This review of Riley Stearns’ Dual is part of our 2022 Sundance Film Festival coverage. For more reviews and essays, visit our Sundance tab.
We know the stated end goal of Riley Stearns‘ Dual in its opening scene, and it comes with literal end goals. A man stands on a football field, a table of weapons before him, and at the other end stands his double with the very same table — and only one of them will be leaving the field alive. Of course, it’s not a promise of what’s to come but a mere suggestion, and therein rests the film’s biggest hurdle as it takes a fantastically intriguing premise and fumbles in its performances and final steps.
It’s the future, but also now, and a technology exists with which to clone yourself to make it easier for your loved ones to go on living after you’ve stopped. Clones are allowed only for the terminally ill as two of the same person in the world is a recipe for chaos, but Sarah (Karen Gillan) finds a hiccup in the plan after being given less than a year to live. She buys a clone, allows it to ingratiate herself into Sarah’s life via her boyfriend and mother and bank account — and then discovers that her illness has gone into remission. The clone challenges Sarah’s decommission order and instead employs her legal right to a dual, and now Sarah, a woman who had given up on life even before she was told hers was ending, finally finds a reason to stay alive.
Dual features the kind of setup that seems like it would feel right at home on an episode of Black Mirror as technology and societal whims collide with grimly entertaining results, but in addition to stretching the premise to feature length Stearns is only half interested in taking that route. To be sure, his script does take jabs at the health care system, corporate liabilities, and more, but the focus is more on one individual’s need for growth. That’s fine on paper, but while the initial building blocks are here they come tumbling down well before the end credits roll.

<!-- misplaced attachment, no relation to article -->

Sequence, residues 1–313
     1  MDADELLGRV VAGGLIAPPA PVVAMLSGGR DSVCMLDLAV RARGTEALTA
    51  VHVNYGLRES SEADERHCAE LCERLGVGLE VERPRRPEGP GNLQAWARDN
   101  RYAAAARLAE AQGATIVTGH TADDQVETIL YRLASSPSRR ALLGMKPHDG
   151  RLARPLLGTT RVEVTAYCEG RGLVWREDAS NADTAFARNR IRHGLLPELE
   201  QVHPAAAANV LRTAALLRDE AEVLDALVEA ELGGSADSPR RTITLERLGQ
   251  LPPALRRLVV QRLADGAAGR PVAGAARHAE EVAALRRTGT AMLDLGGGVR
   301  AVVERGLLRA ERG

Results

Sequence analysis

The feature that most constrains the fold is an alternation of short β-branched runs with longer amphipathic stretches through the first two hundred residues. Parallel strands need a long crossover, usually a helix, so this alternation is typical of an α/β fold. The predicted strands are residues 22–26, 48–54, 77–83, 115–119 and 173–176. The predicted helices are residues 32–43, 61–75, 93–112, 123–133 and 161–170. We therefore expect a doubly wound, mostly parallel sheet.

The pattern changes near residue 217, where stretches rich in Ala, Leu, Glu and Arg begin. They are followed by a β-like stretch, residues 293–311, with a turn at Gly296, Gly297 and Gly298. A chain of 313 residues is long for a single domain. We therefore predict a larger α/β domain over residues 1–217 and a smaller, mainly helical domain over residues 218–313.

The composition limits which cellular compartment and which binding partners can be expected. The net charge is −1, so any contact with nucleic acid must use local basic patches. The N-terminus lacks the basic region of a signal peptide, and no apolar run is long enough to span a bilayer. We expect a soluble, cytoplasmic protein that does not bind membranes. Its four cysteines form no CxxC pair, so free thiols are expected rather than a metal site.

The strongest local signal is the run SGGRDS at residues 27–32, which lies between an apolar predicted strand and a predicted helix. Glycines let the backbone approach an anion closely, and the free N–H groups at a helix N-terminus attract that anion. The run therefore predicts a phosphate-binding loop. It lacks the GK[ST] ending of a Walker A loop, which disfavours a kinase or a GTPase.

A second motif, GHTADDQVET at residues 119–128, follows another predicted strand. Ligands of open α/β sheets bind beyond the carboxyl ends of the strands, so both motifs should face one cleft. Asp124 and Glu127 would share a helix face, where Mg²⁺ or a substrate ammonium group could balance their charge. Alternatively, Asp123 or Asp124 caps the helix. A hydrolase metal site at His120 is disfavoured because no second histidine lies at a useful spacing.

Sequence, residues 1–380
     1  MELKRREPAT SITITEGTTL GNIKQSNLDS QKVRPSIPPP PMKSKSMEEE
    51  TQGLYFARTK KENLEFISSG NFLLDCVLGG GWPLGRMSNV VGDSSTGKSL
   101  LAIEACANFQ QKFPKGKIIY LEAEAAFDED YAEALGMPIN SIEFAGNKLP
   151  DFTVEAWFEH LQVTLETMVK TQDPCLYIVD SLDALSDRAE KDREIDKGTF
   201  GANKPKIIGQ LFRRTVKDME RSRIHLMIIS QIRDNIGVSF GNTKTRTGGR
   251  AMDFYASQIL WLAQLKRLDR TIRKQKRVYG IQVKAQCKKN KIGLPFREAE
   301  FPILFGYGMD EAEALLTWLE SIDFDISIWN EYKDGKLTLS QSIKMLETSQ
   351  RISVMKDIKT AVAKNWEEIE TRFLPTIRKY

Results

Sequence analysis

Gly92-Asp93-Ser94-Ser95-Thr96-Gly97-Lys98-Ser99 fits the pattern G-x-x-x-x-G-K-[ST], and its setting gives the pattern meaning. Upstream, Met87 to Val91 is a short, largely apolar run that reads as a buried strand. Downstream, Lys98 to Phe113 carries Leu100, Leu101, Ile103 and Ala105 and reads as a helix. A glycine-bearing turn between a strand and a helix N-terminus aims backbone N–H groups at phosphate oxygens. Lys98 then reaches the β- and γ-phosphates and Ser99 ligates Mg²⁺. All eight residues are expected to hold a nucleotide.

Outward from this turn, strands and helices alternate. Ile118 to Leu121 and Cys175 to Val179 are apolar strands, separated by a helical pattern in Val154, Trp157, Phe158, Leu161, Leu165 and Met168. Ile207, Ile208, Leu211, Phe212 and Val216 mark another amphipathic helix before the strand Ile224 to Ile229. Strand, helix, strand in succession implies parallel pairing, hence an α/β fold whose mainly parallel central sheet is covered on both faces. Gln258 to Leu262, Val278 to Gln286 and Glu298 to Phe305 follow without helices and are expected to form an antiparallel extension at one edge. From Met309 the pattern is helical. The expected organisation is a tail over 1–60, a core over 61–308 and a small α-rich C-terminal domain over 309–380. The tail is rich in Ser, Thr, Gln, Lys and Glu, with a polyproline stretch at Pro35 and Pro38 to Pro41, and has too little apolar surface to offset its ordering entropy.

Stearns has directed his cast to act with flat inflection, a robotic delivery that leaves no distinction between human and double — and leaves very little room for emotional connection. While similar efforts work in movies like The Lobster, they do so there because they come paired with grand exaggeration and actors whose faces reveal feelings even when their dialogue delivery doesn’t. Dual lacks both of those things, and while Gillan and Aaron Paul (who plays her self-defense trainer, Trent) are solid actors neither is able to transcend the flatness of their words. The (perhaps too) obvious choice would been to play the double as livelier to show the difference between the apathetic Sarah and her “improved” clone, but having them feel interchangeable lessens the already limited emotional connection with viewers.
There are dark laughs in Dual as Sarah is instructed to pay support to the double, her own mother comes to prefer the clone, and Sarah 2.0 quickly succumbs to life’s frustrations, but too little is done with the observations. And then there’s the ending. No spoilers here, but the choices Stearns makes require emotional connections that just aren’t here — we’re not nearly as invested as the film needs us to be, and the already low energy heading into the third act is left only to deflate further.
What does work, to a degree at least, is the film’s thoughts on what it takes to become not just a “better” person, but the person we deserve to be. As mentioned, Sarah begins the film as someone who’s no longer moved by life. Small frustrations mount, but for the most part she’s living an indifferent life. The terminal diagnosis confirms that feeling, but the reversal gives her the jolt she was lacking. Her time with Trent, in addition to being the film’s sole moments of personality and life, see her slowly waking up to possibility and purpose. It’s promising, but as with everything else it’s undercut by the choice to play everything so monotone.
Dual may not live up to its highly intriguing premise of having to literally fight yourself if you want to survive, but the idea is no less interesting for it. There are enough moments here to make a watch worthwhile — and the ninety-five minute running time certainly helps — but it might leave you wishing Stearns could get a do-over and a second chance at giving the film life.
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